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Monday, October 5, 2020

What Could Have Been: Dead Island 2 (Rewrite)


When I look back on the work I did from last year—specifically early last year—I often wince. Stylistically, it feels way too self-serious and lacks the spark that I think my current work has. Heck, even stuff from early this year feels like it doesn’t have the seem pizazz that I think my most recent work has. As such, I’ve really wanted to take time to slowly rewrite some of the pieces that I’m passionate about or that hold a special place in my heart.

Now, while I won’t devote, say, a week or something to rewriting piece after piece, I want to take a bit of time to rewrite another one as the game in question holds a special place in my heart as the original is a low-key favorite of mine. That and something happened back in June of this year that I think is worth mentioning. As such, today, I want to go back and rewrite the piece I did on the still unreleased video game Dead Island 2. So, with the sun shining, the warm California breeze in our hair, and with the growling of zombies filling the air, let’s dive headfirst into the apocalypse!

Dead Island

First up, let’s take a quick gander at the original game. Dead Island was announced on August 8, 2007. However, if you're to go by an article request on the Lost Media Wiki, the game’s development goes back a bit farther than this. The request reads as follows:

Dead Island/Island of Living Dead (lost original version of survival horror game; 2005-2008

Information on this supposed original version is sparse; the only info I could find was from a fandom website called the Lost Media Archive. I’ll give you a rundown of what was written on there as the English is a bit… iffy, but just know that all credit goes to them.

Originally, the title for the game was “Island of the Living Dead”. This was likely a placeholder name and was changed due to how generic it was (a great many zombie films utilize the suffix “living dead”, you needn’t look any further than many of George A. Romero’s films). It’s also possible it was changed due to a 2008 (or 2007 if you go by Rottentomatoes) film by Italian horror icon Bruno Mattei bearing the same name. While I can’t find information on when the film was announced, I would hazard a guess that Techland possibly caught wind of this and wanted to avoid confusion with the name and thus, the name was changed to Dead Island.

According to the article, there was only “one trailer” that showcased anything for this version of the game (which you can view below). This one is followed by some screencaps from the trailer and, presumably, some press released in-game images.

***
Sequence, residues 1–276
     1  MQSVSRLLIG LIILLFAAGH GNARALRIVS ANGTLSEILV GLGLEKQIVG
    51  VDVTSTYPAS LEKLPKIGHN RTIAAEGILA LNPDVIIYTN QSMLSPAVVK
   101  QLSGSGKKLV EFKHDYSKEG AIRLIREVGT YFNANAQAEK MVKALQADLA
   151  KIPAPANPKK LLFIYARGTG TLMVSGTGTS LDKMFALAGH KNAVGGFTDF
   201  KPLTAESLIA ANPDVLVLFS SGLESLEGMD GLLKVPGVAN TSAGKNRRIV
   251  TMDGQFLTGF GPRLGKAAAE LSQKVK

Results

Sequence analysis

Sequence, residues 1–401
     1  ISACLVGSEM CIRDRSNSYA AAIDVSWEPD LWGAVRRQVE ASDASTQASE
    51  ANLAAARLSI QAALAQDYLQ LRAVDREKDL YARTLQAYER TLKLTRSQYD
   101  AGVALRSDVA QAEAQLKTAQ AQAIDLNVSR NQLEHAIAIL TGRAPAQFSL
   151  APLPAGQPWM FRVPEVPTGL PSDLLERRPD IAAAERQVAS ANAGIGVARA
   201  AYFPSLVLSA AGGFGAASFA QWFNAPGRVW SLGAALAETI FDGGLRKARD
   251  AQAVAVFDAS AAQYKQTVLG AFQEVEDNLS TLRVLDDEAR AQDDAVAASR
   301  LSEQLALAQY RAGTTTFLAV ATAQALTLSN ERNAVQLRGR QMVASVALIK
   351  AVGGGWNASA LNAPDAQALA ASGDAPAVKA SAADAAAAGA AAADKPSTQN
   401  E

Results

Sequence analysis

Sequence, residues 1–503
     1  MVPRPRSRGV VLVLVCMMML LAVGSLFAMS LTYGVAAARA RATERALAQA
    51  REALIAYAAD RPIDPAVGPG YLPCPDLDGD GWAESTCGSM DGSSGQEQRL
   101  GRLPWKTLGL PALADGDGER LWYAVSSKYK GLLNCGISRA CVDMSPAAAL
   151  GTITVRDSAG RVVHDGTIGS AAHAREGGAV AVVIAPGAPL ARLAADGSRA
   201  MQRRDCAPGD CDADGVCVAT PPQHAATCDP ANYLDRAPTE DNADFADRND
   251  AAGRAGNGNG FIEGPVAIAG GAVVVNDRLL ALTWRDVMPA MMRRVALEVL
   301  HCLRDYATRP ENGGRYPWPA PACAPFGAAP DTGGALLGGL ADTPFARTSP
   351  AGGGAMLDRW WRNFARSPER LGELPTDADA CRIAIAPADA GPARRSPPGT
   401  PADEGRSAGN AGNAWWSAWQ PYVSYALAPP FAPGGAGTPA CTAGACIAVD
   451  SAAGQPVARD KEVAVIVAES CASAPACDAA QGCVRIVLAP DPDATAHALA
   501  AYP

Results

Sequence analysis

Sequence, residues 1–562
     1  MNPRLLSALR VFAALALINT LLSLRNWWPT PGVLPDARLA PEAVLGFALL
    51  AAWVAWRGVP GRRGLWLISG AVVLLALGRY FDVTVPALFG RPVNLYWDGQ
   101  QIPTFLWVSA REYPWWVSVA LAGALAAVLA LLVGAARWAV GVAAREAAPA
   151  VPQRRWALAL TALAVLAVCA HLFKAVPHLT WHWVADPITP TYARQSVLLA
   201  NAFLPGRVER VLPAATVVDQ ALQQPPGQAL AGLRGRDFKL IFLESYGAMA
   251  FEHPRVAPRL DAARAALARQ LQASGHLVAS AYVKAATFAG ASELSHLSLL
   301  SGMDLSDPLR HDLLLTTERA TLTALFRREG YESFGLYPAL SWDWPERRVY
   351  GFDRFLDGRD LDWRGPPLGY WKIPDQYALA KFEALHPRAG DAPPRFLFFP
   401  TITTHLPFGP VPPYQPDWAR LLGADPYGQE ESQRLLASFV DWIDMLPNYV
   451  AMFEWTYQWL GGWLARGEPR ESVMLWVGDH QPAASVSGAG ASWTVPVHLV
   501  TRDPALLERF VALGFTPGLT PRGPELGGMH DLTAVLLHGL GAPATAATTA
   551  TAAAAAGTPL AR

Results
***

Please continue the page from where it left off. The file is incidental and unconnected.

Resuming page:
Now for the story. According to the article, the story was given a complete overhaul during development. Originally, there weren't any RPG elements—which in the final game is the bread and butter that makes up 65% of the game. The other 35% is made up of 34.9% side quests and 00.1% main quests.

Originally, the game sounded like it was significantly more straightforward. Whereas the game became an open world RPG that had four playable characters that specialized in various weapon types, the original game had one playable character who didn’t have a name. The developers also never spoke of the game’s story; their only comments being that the island (which in the final product is named Banoi) where the zombie outbreak took place was “mysterious” and that it was “with no reason”. The latter quote is from the Lost Media Archive article by the way. I’m guessing they meant “without reason”, but I digress. The developers stated that players would, naturally, have to play the game in order to discover the truth to his bizarre outbreak.

By today’s standards, this is traditional stuff. A mysterious outbreak and a stranger in a strange land. There was a problem with this however and if you’re at all familiar with the time period that is the early/mid 2000s, you may be familiar with the name Uwe Boll. If not he’s a German filmmaker notorious for having made movies that weren’t exactly good. If we’re to assume this version of the game was showcased—or at least announced—around the year 2005 or 2006, then it was a mere 2–3 years after the catastrophically received adaptation of Sega’s classic arcade shooter House of the Dead. This, naturally, led video game forum dwellers and even some journalists to ridicule the game for bearing a similar story to the aforementioned adaptation of House of the Dead.